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Tuesday, 4 December, 2001, 10:55 GMT
Shakespeare goes Maori
Shakespeare's use of language was similar to ancient Maori
Shakespeare's use of language was similar to Maori
The Merchant of Venice has been turned into the first Maori-language film of a Shakespeare play.

The film, which has just had its first preview screening, will be released in New Zealand in February.

It is the first film project for all but one of the 400 actors. Some of the crew have been specially trained after being unemployed or in trouble with the law.

The finished movie is already attracting interest from film festivals around the world and has been subtitled for English, Spanish and Italian audiences.

Director Don Selwyn has stayed faithful to many aspects of the Bard's settings and story.

Shakespeare wrote the play between 1596 and 1598
Shakespeare wrote the play between 1596 and 1598
It took him 10 years to convince the "gatekeepers of the drama industry" - including a special commission set up to fund Maori productions - that it was worth the time and money.

"I can understand why these people didn't think it would work because they'd have a narrow focus on what a Maori Shakespeare would be about," Selwyn says.

"But its [Maori content] has a much more lateral presence. The film is a catalyst and vehicle for Kiwi talent."

Shot around Auckland, the film recreates 16th century Venice, with costumes and surroundings to fit the original setting.

The only way it has been changed for its new language is the fact that the play's fictional town of Belmont has been moved to New Zealand.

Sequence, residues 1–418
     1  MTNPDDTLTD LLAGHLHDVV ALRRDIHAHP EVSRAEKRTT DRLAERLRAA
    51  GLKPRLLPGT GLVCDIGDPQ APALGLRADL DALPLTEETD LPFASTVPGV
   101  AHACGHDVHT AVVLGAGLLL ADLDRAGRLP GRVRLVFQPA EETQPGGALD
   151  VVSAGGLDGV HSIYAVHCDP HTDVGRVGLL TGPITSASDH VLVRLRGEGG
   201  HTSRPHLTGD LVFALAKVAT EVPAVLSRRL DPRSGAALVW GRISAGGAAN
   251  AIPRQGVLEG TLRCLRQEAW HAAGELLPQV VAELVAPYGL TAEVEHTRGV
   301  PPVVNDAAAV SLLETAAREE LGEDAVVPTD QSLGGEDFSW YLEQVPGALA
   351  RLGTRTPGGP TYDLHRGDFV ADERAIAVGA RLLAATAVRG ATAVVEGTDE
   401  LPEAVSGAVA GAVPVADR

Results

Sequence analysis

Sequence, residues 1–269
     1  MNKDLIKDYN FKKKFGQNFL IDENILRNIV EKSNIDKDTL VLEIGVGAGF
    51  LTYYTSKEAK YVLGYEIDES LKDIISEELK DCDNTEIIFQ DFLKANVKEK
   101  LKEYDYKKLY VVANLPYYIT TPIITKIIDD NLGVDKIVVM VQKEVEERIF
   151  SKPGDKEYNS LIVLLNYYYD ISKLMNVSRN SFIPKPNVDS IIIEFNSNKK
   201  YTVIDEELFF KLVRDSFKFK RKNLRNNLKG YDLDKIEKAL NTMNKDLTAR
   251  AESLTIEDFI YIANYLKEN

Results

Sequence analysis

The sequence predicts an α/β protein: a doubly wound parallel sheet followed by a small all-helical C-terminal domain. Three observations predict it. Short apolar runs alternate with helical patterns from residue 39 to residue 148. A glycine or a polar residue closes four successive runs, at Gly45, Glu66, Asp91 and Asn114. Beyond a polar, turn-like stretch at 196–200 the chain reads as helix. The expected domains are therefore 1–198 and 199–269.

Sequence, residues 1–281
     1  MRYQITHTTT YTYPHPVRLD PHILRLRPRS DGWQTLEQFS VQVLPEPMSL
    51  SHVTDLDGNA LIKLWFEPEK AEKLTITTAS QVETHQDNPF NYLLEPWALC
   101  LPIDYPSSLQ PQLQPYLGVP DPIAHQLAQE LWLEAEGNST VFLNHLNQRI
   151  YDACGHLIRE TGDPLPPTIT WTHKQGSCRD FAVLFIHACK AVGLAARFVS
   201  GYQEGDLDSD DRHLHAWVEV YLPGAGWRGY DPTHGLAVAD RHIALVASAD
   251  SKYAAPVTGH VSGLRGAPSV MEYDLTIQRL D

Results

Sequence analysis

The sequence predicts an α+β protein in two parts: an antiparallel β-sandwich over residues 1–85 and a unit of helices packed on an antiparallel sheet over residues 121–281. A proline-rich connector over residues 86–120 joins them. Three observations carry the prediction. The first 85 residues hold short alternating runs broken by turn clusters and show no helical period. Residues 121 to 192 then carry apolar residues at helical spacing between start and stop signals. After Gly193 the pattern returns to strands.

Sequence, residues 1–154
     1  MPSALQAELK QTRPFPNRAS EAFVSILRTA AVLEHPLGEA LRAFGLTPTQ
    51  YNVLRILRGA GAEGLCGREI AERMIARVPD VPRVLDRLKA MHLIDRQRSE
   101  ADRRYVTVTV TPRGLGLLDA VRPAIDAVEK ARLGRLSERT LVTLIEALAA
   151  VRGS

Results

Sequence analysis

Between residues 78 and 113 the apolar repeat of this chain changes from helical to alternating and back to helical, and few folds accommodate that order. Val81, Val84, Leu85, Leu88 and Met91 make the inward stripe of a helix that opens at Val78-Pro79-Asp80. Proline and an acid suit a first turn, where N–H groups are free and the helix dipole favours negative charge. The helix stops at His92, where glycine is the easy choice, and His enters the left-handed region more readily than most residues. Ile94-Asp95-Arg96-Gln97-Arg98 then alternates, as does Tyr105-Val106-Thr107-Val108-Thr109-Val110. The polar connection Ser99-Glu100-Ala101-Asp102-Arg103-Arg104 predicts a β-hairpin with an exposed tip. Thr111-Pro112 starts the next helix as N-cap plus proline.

But there are none of the stereotypical things that outsiders usually associate with Maoris, such as tattoos or fierce dances.

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Selwyn's cast and crew were almost all Maoris, and in some cases Selwyn asked judges for young law-breakers to be given a chance to work on the project.

"Now these people are working on other film projects," he says. "They've learned production procedures and have an understanding of the arts."

Selwyn has previously run a film school for Maori students and produced television dramas in Maori.

The film was shot around Auckland
The film was shot around Auckland
The Merchant of Venice was translated into Maori - an official language on New Zealand alongside English - in 1945.

Shakespeare's use of language was not dissimilar to the ancient poetic, lyrical and metaphorical Maori style, according to Scott Morrison, Maori Studies lecturer at Massey University, who also plays Antonio in the film.

"It captures the essence of how Maori language would have been spoken before the arrival of Europeans," he said.

Selwyn said: "One of the reasons we've done this is that we value Maori language as our indigenous language. Even in classic art form it has relevance."

See also:

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A comedy of errors
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